Computer Adaptive Testing (CAT)
What to know about computer adaptive tests
Computer adaptive testing (CAT) is an assessment model that provides a customized test experience for each student. Each CAT assessment begins with a question of moderate difficulty. A correct response leads to a more difficult question, while an incorrect response leads to a less difficult question. Because question difficulty is tailored to each student's responses, CAT assessments can measure a student's performance with fewer total questions than are needed with a traditional assessment. All students complete the same number of questions for the overall test.
Students cannot skip questions when taking a CAT assessment. They must answer a question before moving to the next question. For most CAT assessments, students are unable to return to earlier questions to review or make changes. In some reading CAT assessments, a group of questions may be connected to a reading passage. Students may navigate back and forth among questions tied to each passage. Once students move to the next passage, they can no longer return to questions from the earlier passage set.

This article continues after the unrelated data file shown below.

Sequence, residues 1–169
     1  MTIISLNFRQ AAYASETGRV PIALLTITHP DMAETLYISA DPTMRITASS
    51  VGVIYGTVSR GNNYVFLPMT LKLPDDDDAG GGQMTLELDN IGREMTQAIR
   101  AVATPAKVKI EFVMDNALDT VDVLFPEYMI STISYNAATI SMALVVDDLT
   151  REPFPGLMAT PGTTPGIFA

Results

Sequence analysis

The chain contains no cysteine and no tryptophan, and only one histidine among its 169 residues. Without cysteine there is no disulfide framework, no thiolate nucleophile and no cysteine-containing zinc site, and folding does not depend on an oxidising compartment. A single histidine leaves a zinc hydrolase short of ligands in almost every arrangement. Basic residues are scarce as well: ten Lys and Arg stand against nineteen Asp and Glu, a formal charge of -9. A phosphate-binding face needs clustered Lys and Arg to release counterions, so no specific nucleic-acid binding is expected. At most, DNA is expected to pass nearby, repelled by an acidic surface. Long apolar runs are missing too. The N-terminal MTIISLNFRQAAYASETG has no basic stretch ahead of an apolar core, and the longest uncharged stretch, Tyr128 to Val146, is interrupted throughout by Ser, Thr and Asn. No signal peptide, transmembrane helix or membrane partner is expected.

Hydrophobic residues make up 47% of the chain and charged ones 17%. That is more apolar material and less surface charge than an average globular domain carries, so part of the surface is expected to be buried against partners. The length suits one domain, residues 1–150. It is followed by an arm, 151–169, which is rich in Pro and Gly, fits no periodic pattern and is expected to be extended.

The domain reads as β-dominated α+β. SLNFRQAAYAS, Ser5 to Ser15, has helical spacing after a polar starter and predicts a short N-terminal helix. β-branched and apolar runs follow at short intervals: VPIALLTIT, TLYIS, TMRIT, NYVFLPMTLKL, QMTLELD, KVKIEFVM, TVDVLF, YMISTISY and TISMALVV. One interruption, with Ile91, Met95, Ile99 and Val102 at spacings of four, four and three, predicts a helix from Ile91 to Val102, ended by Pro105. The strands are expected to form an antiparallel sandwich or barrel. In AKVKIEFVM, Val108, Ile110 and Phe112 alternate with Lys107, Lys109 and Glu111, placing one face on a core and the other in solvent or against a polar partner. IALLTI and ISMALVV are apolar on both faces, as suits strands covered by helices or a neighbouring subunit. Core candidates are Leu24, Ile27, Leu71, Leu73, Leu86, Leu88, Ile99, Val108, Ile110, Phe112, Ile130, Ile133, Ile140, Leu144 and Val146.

In Fairfax County Public Schools, CAT is used for a number of assessment types, including:
- Universal screener, reading and mathematics, grades k-6
- Standards of Learning (SOL), reading and mathematics, grades 3-8
- WIDA ACCESS for ELLs 2.0, English language proficiency (English learners only), grades k-12
Teachers and other instructional staff in schools work with students to prepare for CAT and provide opportunities for students to practice this assessment format.
Virginia Department of Education (VDOE) CAT Development
VDOE first introduced CAT SOL assessments in the 2014-15 school year and has expanded use of this model each year. Continued development of CAT is part of VDOE’s efforts to provide students with the best possible testing experience, based on evidence that CAT increases students' focus and engagement during testing. VDOE offers additional information about use of CAT in state SOL assessments.